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Vets make pitstop in Greenville on Ride 2 Recovery

More than 100 injured and disabled veteran cyclists poured into the Camellia City Monday on their way to New Orleans during the 470-mile Ride 2 Recovery event.

More than 100 injured and disabled veteran cyclists poured into the Camellia City Monday on their way to New Orleans during the 470-mile Ride 2 Recovery event.

The Camellia City served as a checkpoint of sorts for more than 100 injured veteran cyclists on bikes of all shapes, sizes and colors for the 2015 Ride 2 Recovery campaign.

The veterans made their way through the city Tuesday as a part of the Ride 2 Recovery Gulf Coast Challenge, which is a six-day, 470-mile bike ride from Atlanta to New Orleans.

The organization is an effort to improve the health and wellness of healing heroes around the world, all while provided a life-changing experience that pushes participants to their physical and mental limits.

One such participant is Michael Lage from San Antonio, who still serves as an active duty member of the Army.

Lage has gone on three tours, the last of which concluded in 2007.

The experience left Lage with an amputated left hand and right thumb, burns that once covered 39 percent of his entire body, a neck fracture, a lost spleen and an elbow fusion that prevents him from straightening his left arm.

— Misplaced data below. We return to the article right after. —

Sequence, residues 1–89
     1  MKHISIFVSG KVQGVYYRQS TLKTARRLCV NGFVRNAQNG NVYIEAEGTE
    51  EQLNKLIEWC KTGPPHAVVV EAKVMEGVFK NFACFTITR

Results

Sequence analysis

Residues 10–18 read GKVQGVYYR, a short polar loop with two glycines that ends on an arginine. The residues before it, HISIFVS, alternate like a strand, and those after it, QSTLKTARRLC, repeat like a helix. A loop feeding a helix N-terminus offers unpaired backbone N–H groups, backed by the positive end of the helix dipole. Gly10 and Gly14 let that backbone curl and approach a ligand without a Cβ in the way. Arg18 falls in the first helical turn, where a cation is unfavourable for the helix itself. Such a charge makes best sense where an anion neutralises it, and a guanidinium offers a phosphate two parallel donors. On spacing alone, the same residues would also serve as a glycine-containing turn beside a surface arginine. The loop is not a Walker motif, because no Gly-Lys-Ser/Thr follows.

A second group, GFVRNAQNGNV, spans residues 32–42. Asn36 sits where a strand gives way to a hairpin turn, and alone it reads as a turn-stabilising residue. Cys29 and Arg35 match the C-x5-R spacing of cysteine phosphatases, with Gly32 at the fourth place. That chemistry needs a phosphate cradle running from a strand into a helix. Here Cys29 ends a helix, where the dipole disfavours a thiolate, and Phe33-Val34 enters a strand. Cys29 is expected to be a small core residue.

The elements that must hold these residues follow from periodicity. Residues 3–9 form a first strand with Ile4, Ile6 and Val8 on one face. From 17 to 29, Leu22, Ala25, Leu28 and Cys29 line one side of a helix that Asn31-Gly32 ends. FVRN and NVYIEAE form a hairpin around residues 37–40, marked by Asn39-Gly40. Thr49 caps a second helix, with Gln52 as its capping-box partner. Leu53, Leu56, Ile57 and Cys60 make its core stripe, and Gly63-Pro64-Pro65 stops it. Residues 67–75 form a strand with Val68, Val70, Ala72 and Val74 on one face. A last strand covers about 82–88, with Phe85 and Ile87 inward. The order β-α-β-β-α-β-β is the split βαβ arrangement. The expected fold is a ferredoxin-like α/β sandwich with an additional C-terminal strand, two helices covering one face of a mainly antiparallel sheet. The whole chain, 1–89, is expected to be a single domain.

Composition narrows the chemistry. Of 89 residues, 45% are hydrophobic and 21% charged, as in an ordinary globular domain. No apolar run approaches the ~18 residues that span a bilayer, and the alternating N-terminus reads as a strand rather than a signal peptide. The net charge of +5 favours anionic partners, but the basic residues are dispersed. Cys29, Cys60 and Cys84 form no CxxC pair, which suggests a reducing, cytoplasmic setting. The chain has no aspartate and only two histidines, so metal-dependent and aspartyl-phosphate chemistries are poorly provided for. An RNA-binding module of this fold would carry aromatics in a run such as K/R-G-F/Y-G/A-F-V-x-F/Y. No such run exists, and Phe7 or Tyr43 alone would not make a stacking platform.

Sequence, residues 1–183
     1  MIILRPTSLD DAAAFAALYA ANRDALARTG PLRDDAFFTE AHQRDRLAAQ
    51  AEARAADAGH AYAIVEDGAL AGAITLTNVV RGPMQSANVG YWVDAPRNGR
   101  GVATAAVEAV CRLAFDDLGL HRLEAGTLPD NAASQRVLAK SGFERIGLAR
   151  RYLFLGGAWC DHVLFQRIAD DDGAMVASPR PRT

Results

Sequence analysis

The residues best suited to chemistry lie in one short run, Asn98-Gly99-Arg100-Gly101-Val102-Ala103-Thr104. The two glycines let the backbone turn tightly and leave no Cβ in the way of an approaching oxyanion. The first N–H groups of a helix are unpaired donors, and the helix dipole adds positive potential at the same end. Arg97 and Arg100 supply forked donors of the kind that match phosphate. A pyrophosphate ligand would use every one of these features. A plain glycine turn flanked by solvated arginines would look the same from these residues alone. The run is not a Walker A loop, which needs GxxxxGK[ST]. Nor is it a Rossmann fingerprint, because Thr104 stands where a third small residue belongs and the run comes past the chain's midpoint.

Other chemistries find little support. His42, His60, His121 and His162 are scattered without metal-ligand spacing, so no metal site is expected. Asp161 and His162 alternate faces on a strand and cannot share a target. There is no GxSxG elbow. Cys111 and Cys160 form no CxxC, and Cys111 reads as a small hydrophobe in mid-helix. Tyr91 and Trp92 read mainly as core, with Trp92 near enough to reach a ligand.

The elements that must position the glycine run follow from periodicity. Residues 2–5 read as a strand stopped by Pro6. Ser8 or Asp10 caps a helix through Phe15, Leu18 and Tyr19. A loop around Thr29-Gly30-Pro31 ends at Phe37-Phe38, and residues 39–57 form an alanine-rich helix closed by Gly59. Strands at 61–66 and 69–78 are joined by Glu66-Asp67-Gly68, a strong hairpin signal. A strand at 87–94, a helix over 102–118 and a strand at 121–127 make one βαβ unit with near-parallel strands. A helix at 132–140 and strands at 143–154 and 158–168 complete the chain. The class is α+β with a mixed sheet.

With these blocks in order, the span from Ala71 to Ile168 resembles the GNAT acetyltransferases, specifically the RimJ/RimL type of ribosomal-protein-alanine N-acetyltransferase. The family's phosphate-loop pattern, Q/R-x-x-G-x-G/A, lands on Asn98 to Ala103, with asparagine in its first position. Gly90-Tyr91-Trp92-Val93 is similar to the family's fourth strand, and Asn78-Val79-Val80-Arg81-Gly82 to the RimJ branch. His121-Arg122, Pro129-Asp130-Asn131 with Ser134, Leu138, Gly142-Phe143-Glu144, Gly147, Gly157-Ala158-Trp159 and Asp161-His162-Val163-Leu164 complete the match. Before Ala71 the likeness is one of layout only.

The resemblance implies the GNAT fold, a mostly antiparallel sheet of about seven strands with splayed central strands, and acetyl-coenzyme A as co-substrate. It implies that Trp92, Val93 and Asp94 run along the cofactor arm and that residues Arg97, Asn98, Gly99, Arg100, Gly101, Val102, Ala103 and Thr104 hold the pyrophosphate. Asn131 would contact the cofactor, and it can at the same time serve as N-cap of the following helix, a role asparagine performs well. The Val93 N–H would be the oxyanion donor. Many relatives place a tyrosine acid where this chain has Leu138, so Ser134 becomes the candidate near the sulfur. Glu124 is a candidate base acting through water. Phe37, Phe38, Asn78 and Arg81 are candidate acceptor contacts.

After an extensive recovery, Lage saw fit to gear up for the Ride 2 Recovery challenge in 2013 and hasn’t looked back since.

“Not only does it give me exercise, but it also gets me back into the community, Lage said.

“It helps me work with other soldiers that are injured, as well.”

Lage recently made the transition between two specialized bike models but, when asked about which part of the challenge had been most difficult thus far, there was no hesitation in his response.

“The hills,” Lage laughed.

“This is my first challenge on an upright [bike], so the whole thing has been challenging.  But it’s a great experience.

“I used to ride a recumbent, which is a three-wheeled bike—two wheels in the front, and one in the back—you still pedal with your feet, but you’re in a more reclined position.”

Lage’s tackled his first challenge back in 2013 in his home state of Texas, and this year’s challenge marks his first ride since.

Though the Ride 2 Recovery program is an excellent means of bringing public awareness to veterans with disabilities in need of assistance, Lage has enjoyed a smaller, more personal benefit—tackling the same challenge, and overcoming it, with much more resistance.

“I’m mostly looking forward to the finish and being able to complete a multi-day, long-distance ride on an upright.”

Visit ride2recovery.com to find out how to show support to the nation’s veterans.